Tuesday, August 23, 2016

Review: Lydia Cassatt Reading the Morning Paper by Harriet Scot Chessman

Synopsis: Nineteenth-century Paris comes radiantly alive in the richly imagined novel about the intimate relationship between celebrate Impressionist painter Mary Cassatt and her sister, Lydia, Cassatt's fragile, beloved muse. Told in the voice of forty-one-year-old Lydia, who is dying of Bright's disease. Lydia Cassatt Reading the Morning Paper opens a window onto a burgeoning world of art and ideas as it captures the extraordinary age in which these sisters lived. This sweeping narrative features real-life figures like Pierre-Auguste Renoir and Edgar Degas, Cassatt's mercurial, charismatic mentor and includes five full-color plates of Cassatt's paintings. It is a graceful and enchanting exploration of the duels between art and desire, memory and identity, and romantic and familial love. (from the inside cover of the book)

Review: This is an ethereal, romantic work. Lydia Cassatt is dying. Both she and Mary – whom the family calls May – haven’t come to terms with this. Mary dreads a world without her sister. Lydia resents that her life is defined by loss, illness, and desires that will never be. As she poses for her sister over the span of a few years, Lydia confronts the past and the never-to-be future. There is a bittersweet feeling, a happy sorrow, a gentle letting go by each of them.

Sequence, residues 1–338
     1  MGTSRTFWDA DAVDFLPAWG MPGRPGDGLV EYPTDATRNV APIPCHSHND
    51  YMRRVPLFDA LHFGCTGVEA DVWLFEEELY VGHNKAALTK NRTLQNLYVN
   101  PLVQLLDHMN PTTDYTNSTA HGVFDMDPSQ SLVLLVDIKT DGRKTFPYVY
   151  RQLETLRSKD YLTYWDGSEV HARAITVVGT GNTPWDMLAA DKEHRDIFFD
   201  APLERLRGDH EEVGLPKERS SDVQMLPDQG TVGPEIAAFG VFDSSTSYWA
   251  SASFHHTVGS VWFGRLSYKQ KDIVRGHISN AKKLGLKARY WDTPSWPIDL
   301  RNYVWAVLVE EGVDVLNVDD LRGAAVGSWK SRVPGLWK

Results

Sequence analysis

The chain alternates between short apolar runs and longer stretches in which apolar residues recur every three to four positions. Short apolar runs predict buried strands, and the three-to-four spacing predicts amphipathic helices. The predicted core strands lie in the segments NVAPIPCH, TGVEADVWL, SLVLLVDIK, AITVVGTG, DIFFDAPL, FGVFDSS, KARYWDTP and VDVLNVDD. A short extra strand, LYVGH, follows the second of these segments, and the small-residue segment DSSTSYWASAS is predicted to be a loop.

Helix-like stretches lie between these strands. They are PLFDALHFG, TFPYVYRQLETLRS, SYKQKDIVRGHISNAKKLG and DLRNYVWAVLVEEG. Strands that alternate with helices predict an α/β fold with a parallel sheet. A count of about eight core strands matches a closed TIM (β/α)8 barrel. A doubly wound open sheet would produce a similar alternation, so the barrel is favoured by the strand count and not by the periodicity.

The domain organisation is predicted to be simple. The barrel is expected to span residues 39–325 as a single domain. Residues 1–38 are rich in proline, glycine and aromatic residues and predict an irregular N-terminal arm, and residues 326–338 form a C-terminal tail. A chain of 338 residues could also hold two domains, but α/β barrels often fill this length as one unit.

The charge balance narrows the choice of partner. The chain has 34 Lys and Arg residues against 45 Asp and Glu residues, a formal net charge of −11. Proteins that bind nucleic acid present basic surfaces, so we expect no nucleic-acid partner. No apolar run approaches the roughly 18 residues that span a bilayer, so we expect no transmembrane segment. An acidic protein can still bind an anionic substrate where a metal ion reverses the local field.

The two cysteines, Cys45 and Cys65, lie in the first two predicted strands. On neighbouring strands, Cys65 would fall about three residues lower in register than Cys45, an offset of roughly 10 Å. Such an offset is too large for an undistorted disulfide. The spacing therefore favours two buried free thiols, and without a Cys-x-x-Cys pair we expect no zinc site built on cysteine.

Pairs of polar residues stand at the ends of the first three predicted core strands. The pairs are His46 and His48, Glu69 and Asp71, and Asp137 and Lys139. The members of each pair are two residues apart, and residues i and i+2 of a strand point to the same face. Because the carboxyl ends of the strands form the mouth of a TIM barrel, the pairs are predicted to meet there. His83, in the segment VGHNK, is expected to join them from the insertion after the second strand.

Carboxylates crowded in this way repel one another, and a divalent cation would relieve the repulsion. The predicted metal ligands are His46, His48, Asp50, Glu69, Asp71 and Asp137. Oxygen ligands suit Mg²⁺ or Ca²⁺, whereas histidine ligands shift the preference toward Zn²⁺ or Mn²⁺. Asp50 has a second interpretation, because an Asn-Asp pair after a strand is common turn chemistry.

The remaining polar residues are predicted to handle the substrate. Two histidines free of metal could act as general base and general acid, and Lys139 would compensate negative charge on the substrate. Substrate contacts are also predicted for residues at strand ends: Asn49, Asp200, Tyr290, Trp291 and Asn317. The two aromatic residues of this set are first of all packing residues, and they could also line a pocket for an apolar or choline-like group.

Chessman uses an almost poetic style of writing – combining gorgeous lyrical prose and poetic stylizing of the text to convey the sense of art and desire, of sorrow and love, which ties the two sisters together. Chessman attempted to stay true to Mary Cassatt’s life, taking only a small amount of writer’s license with the characters. This makes the book even richer – knowing that most of what you read is true. The book is divided into five chapters, each centered around one of five paintings May did of her sister. Included as glossy, vibrant, color pictures of each painting. This makes the book rich and gorgeous. 
For anyone who enjoys art, particularly Mary Cassatt and the Impressionists, this book is a must. I would recommend it as a vital part to any art-lovers library. 

Bookmarks: 8 of 10

Awards: None

ISBN: 0-452-28350-7
Year Published: 2001
Date Finished: 8-21-2016
Pages: 164

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